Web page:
Media Contact:

HUNTER: for Smithfield

Tiffany Daggett

(212) 679-6600


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At Smithfield Foods' slaughterhouse, China brings home U.S. bacon


Tom Polansek, Reuters

November 5, 2019


SMITHFIELD, Virginia (Reuters) - Smithfield Foods’ slaughterhouse in Virginia used to carve up pork for American sandwiches and holiday dinners. But workers now box up pig carcasses to ship to China, according to employees, local officials and industry sources.


The transformation at the Smithfield, Virginia, plant shows how the global meat industry is adapting to profit from African swine fever, a fatal pig disease that has killed millions of hogs in China and turned the world’s top pork consumer into a major meat importer.


Bought by China’s WH Group Ltd (0288.HK) six years ago for $4.7 billion, Smithfield Foods has retooled U.S. processing operations to direct meat to China, which produced half the world’s pork before swine fever decimated the industry.


The world’s biggest pork processor operates a white, box-shaped meat plant in Smithfield, Virginia, home to 8,000 as well as the company’s headquarters and a wider tourist economy built on its famous hams, bacon and sausages.


Since late spring, pigs trucked to the plant have been slaughtered and sliced into thirds for shipment to China, where Chinese workers process the carcasses further, company employees and industry sources told Reuters.


“They got an order to fill: China,” said one plant worker, who asked to remain anonymous.


Smithfield Foods declined to comment on the change or allow a reporter to visit the Virginia plant, which slaughters about 10,000 pigs a day.


The company previously said it was upgrading the facility, without giving details, and that U.S. business was a priority. Other Smithfield Foods plants in the United States have continued to slaughter pigs for the home market, industry sources said.


WH Group, known as Shuanghui International Holdings when it bought Smithfield Foods, did not respond to a request for comment.


However, Arnold Silver, Smithfield’s director of raw materials procurement, said at a recent industry conference that sales to China could eventually create bacon and ham shortages for American consumers.


The outbreak of African swine fever has killed up to half of China’s hog herd since August 2018 and pushed prices so high that Chinese importers are willing to pay hefty tariffs that Beijing imposed on U.S. pork as part of the countries’ bruising trade war.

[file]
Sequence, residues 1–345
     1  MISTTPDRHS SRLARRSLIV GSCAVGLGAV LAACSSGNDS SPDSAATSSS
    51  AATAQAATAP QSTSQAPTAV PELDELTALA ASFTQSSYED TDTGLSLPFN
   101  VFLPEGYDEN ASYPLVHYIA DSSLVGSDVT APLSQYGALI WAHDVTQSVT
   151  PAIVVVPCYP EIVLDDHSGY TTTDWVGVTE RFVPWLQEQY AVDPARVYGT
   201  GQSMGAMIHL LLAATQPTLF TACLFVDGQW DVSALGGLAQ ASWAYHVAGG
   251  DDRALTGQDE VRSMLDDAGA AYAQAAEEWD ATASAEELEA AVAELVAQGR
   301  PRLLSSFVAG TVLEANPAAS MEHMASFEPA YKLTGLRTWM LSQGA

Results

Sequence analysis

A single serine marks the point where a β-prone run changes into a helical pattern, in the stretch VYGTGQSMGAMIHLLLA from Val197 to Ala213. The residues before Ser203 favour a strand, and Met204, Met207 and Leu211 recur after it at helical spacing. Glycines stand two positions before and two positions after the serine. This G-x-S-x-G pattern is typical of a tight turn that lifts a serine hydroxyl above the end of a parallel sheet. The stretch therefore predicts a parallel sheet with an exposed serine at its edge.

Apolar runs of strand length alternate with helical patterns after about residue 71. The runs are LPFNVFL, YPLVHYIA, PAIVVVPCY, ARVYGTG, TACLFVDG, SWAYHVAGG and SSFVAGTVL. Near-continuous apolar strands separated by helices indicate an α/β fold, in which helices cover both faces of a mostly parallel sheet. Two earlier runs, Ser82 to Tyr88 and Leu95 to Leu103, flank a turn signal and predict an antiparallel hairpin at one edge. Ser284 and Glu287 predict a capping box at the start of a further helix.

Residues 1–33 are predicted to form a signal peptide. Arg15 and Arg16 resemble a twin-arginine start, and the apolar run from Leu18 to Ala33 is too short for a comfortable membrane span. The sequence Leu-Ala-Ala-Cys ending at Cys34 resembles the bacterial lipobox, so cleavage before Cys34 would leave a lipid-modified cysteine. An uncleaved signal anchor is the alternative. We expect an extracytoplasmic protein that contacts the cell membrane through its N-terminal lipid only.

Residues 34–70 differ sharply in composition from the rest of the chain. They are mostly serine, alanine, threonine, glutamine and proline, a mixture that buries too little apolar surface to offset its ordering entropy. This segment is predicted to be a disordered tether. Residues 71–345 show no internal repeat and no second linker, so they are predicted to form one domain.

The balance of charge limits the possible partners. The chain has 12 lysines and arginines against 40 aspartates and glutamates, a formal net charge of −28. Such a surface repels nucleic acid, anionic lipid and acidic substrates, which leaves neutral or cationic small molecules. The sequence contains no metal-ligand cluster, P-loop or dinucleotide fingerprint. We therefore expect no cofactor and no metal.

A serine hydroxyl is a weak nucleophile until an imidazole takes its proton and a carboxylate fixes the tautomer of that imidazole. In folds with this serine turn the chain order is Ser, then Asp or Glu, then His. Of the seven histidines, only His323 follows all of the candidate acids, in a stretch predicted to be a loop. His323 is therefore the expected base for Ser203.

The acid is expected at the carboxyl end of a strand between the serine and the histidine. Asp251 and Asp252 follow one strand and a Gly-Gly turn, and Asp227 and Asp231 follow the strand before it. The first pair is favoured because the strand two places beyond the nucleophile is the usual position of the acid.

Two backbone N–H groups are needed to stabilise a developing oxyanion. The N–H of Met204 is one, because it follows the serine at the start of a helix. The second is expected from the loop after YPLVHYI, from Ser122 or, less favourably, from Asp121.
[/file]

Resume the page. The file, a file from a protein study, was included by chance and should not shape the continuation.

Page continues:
U.S. pork producers say China’s losses from the disease have created a once-in-a-lifetime opportunity for sales.


After shifting operations, Smithfield Foods can process pigs more quickly in Virginia because employees are doing less work on each carcass, according to the plant worker. The job is still difficult, though.


“They freeze it up. It’s heavy,” said the employee, who was wearing a brace to support his back and a sweatshirt to keep warm.




The United States exported 294.5 million kilograms of pork to China between January and August, according to U.S. Census Bureau data, more than in the whole of 2018.


Frozen carcasses accounted for about 20% of exports by weight from January to August, up from 0.3% during the same period in 2017, the data show.


Smithfield Foods was the top shipper this summer, sending at least 17.6 million kilograms of pork to China between June and September, according to Panjiva, a division of S&P Global Market Intelligence. Kansas-based Seaboard Corp (SEB.A) sold at least 5.3 million, Panjiva said. The firm noted its data does not capture all shipments.


Seaboard did not respond to a request for comment.


“Down the road, if this continues and we ship a lot of product to China, certainly I think we could see shortages, particularly on hams and bellies,” Smithfield’s Silver told the conference.


Smithfield Foods renovated its Virginia plant to supply carcasses to China, according to a person with direct knowledge of operations who asked not to speak publicly about the changes.


“There were departments that were completely eliminated or erased or remodeled,” the person said.


Tyson Foods Inc (TSN.N) and JBS USA [JBS.UL] are also maneuvering to increase sales by stopping the use of the growth drug ractopamine, which is banned by China.